Two of my last three entries were devoted to classic American TV shows, which means I’ve been neglecting one of my main interests—classic Japanese TV shows! There has been so much good stuff coming out on DVD in the last few years, both animated and live-action, that I’ve been building up an impossible backlog of shows. The big difference between my interests in classic American TV and Japanese TV is that the Japanese continue to turn out shows that engage me, so that the backlog includes shows from the 1960s to the 2010s! (My most recent American TV box set is probably “Police Story” Season One, from 1973!) The earliest Japanese TV show I have is the animated “Astro Boy,” which began its run in 1963, and the earliest live-action Japanese TV show I have is “Ultra Q,” which began its run in 1966. The latest in my collection is Volume 1 of “Ressha Sentai ToQger,” the latest sentai show in Japan, which began its run on Feb. 16 of this year, a month ago today! (More on sentai in a moment.) In between, I have dozens of shows, some complete and some in only a single volume of episodes, some on VHS, many on DVD, mostly animated, but many live-action as well. Most of the live-action shows in my collection fall into the tokusatsu category, a term for live-action special effects shows in the vein of “Ultraman” and “Kamen Rider.”
In every film by Hayao Miyazaki up to THE WIND RISES, there was something at stake. The hero (or, more often, the heroine) was involved in a life-or-death struggle (NAUSICAA OF THE VALLEY OF THE WIND, CASTLE IN THE SKY, PRINCESS MONONOKE) or faced some coming-of-age challenge that was of immense importance to their maturation (MY NEIGHBOR TOTORO, KIKI’S DELIVERY SERVICE, SPIRITED AWAY). There were hints of love stories in some of these films, but romance was never a priority.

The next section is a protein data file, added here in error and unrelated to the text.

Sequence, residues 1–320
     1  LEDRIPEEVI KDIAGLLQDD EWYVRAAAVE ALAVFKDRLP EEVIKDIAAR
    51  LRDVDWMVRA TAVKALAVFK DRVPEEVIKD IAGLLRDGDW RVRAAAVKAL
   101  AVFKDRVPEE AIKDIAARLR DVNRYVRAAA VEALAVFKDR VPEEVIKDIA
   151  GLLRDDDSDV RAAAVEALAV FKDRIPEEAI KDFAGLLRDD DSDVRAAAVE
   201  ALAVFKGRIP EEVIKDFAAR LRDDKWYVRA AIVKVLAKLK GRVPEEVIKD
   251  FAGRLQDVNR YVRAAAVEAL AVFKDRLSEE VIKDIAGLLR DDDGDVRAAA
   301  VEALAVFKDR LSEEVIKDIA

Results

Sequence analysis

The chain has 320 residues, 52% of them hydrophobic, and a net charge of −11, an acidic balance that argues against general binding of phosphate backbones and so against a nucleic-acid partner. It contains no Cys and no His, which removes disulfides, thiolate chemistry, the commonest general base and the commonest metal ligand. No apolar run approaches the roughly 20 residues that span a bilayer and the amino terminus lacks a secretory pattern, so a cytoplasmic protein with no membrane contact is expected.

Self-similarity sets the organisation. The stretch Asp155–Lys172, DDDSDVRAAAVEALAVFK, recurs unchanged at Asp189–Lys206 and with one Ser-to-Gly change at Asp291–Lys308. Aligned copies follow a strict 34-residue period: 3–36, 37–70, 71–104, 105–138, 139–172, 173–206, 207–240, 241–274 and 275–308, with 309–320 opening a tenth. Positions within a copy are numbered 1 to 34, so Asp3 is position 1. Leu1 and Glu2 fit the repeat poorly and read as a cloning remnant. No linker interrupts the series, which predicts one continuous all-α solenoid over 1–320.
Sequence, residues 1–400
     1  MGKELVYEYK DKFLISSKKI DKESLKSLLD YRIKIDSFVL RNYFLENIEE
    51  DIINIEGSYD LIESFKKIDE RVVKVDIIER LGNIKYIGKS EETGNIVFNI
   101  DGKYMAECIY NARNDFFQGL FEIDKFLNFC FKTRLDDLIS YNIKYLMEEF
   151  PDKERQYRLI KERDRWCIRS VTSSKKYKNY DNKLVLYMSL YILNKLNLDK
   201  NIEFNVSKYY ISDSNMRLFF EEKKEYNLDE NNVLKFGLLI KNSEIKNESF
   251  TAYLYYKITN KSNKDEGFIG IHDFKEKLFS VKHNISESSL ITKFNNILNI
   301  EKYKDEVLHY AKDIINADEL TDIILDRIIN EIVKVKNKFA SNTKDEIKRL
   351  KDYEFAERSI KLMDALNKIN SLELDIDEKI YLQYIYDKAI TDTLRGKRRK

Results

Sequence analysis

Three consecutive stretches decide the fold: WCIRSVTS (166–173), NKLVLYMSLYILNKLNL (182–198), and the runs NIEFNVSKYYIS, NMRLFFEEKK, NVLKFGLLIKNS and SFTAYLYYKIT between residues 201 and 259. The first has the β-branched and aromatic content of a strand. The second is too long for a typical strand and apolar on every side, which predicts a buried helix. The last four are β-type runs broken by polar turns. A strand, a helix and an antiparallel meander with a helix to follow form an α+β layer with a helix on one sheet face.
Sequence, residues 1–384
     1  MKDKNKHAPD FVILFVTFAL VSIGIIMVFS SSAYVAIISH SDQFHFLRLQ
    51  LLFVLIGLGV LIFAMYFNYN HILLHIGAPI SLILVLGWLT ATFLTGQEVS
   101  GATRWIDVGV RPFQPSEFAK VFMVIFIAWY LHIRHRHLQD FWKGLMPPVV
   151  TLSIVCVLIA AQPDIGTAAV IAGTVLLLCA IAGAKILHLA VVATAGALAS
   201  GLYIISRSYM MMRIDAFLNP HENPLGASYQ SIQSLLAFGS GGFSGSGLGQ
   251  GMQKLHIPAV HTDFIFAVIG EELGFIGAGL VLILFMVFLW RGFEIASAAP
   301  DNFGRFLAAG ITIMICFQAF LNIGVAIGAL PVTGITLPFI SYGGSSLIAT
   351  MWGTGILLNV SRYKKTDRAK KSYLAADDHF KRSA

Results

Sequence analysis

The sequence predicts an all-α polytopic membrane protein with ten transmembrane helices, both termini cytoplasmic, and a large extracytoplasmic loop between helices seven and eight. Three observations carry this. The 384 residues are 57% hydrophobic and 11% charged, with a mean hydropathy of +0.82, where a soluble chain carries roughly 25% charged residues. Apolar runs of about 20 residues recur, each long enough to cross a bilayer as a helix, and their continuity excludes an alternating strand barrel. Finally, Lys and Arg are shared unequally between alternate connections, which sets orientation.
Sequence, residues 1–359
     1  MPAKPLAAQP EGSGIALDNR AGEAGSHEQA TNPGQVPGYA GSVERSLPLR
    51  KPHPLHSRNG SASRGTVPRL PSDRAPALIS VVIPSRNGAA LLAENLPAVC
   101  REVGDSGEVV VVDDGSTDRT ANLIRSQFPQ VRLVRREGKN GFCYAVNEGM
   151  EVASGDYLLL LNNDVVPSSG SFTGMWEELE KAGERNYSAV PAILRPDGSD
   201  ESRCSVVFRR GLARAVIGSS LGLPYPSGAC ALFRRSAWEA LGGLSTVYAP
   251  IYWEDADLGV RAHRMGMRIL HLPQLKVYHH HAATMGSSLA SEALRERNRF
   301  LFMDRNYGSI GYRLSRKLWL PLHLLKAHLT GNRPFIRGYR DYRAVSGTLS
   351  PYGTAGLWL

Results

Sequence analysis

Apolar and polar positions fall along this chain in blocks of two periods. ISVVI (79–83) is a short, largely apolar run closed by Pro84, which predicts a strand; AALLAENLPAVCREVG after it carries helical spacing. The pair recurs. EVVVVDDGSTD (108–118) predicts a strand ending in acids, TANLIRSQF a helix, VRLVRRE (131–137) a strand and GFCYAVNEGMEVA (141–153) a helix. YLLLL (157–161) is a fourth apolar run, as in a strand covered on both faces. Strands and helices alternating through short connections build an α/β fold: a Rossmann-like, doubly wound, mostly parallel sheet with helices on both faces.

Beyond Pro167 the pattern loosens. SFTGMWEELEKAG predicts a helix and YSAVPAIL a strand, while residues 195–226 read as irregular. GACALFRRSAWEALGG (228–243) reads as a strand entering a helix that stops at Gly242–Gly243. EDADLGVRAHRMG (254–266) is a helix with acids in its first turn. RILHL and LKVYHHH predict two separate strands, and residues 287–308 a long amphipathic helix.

In THE WIND RISES, Miyazaki’s latest film and his purported final directorial effort, the protagonist is Jiro Horikoshi, a young engineer who lives, breathes, and sleeps airplanes and, after college graduation, goes to work for Mitsubishi Industries and, not surprisingly, gets the opportunity to design a plane of his own. Since it’s the 1930s and Japan is already waging war on China (something barely hinted at in the film), it’s no surprise that Jiro’s plane will be a weapon of war. So, what’s the challenge in THE WIND RISES? What’s at stake for Mr. Horikoshi? He’s given the assignment and he follows through on it. Does the fact that it’s going to be used as a weapon of war represent a moral dilemma for him? Not much of one, it turns out. There is some tentative questioning, but he still plunges into the assignment with relentless zeal even though he knows full well what the end result will be. Which begs the question of why we, the audience, should care. Or why viewers in America, a country that lost men to those planes, shouldn’t be outraged.